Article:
- United Kingdom
- July 5, 2021
- Reading time: 3 minutes
Global Climate Politics: Pressure on Finance Sector increases ahead of COP26 in Glasgow next November
The objective for the private finance work for COP26 is simple: ensure that every professional financial decision takes climate change into account. The finance sector is considered to be the critical lever to bring about the achieving the objective agreed in the Paris Agreement to limit global temperature increases to below 2°C from pre-industrial levels. Required is a whole economy transition — every company, bank, insurer and investor will have to adjust their business models, develop credible plans for the transition and implement them.
"We won’t shrink our way to net zero, we need to invest our way there." Mark Carney, UN Special Envoy for Climate Action and former Governor Bank of England
What is it about
The next global Climate Summit (officially called COP26, short for the 26th Conference of Parties) will take place in Glasgow, Scotland, next November. It will be the culmination of an unprecedented political climate-frenzy. At the center of the attention: the Finance Sector. The creation of the "COP26 Private Finance Hub", led by Mark Carney in his capacity as UN Special Envoy, will focus on building a system that mobilises private finance to support the re-engineering of our economies for net-zero.
The finance sector is considered to be the critical lever to bring about the achieving the objective agreed in the Paris Agreement to limit global temperature increases to below 2°C from pre-industrial levels.Required is a whole economy transition — every company, bank, insurer and investor will have to adjust their business models, develop credible plans for the transition and implement them. In recognition of the scale of the task, 125 countries, including half the G20, have now committed to net zero by 2050 at the latest.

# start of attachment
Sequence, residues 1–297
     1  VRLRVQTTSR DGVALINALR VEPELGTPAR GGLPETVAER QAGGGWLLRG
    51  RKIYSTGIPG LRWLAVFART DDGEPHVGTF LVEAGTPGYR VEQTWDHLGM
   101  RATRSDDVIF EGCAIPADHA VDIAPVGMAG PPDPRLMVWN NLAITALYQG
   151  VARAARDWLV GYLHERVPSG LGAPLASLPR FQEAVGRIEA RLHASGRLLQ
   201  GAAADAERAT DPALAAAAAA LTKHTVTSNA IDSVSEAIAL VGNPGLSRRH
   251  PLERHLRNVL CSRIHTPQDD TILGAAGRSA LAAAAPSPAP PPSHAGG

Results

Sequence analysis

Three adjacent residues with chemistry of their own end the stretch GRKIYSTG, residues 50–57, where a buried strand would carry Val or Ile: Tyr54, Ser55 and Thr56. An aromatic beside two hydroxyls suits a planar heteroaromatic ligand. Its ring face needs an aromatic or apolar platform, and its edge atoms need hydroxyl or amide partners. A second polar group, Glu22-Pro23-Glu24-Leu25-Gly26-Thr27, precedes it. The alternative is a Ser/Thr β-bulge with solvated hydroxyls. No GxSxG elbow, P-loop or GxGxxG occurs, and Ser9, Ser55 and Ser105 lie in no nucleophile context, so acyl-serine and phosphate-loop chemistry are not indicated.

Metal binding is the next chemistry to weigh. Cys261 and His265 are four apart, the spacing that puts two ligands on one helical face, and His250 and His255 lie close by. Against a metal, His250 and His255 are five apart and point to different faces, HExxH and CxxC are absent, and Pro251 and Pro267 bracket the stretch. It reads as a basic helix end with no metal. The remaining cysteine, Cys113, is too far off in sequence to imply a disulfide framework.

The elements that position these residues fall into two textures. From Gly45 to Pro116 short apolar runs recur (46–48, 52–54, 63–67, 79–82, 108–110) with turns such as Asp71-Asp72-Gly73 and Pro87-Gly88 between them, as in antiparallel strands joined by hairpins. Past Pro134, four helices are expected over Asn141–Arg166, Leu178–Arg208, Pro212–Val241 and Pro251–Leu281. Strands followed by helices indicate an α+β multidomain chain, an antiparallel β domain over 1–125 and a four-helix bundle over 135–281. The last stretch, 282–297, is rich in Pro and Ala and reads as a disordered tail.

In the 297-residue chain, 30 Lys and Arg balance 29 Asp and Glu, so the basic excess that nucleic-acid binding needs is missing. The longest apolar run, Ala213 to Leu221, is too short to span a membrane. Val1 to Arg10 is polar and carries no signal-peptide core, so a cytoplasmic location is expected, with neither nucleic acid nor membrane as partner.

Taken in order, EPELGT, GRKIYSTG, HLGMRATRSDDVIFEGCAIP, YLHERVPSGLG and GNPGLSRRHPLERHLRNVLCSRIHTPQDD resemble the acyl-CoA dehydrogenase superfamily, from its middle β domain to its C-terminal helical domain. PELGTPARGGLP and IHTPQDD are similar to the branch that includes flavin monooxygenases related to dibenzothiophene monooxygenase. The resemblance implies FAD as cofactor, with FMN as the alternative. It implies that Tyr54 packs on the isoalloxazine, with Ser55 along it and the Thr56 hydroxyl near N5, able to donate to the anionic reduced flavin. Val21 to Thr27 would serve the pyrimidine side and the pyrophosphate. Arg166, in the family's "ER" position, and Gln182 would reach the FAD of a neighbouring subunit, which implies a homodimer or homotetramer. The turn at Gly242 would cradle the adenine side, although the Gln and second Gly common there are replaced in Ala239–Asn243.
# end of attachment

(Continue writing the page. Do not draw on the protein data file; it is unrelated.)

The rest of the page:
Why is this important
After almost 30 years since the Rio Conference in 1992 during which business was encouraged to act in "enlightened-self interest", the regulatory climate has shifted: Pressure on the finance sector is increasing rapidly. The recent publication by the Carney-Commission titled "BUILDING A PRIVATE FINANCE SYSTEM FOR NET ZERO - Priorities for private finance for COP26" provides an important overview of what finance can expect. The proposed framework will be at the center of the Glasgow-conference and includes:
Reporting: improving the quantity, quality and comparability of climate-related disclosures by implementing a common framework built on the Taskforce for Climate-related Financial Disclosures (TCFD) recommendations.
Risk management: ensuring that the financial sector can measure and manage climate-related financial risks.
Returns: helping investors identify the opportunities in the transition to net zero and report how their own portfolios are aligned for the transition.
Mobilisation: increasing private financial flows to emerging and developing economies, by connecting available capital with investable projects and encouraging new market structures.
The Globalance View
Covid has accelerated the focus on sustainable investing and brought it from the periphery to the mainstream. It is now one of the top items in terms of strategic issues for financial institutions.
It has long been one of Globalance's beliefs that the various global transitions (e.g. energy, mobility, food, etc.) are enormous commercial opportunities. Investments into renewable energy infrastructure alone are forecast to be doubling every year and will do so for 30 years. Hence, we welcome these efforts to created the transparency and data-fundament needed.
We observe with concern, however, that many companies who have been quick to publish their net-zero-plans, lack action in the scale needed. It will fall to relevant and legitimate stakeholders (e.g. shareholders, regulators, civil society) to mount a robust level of scrutiny to hold both business and finance to account.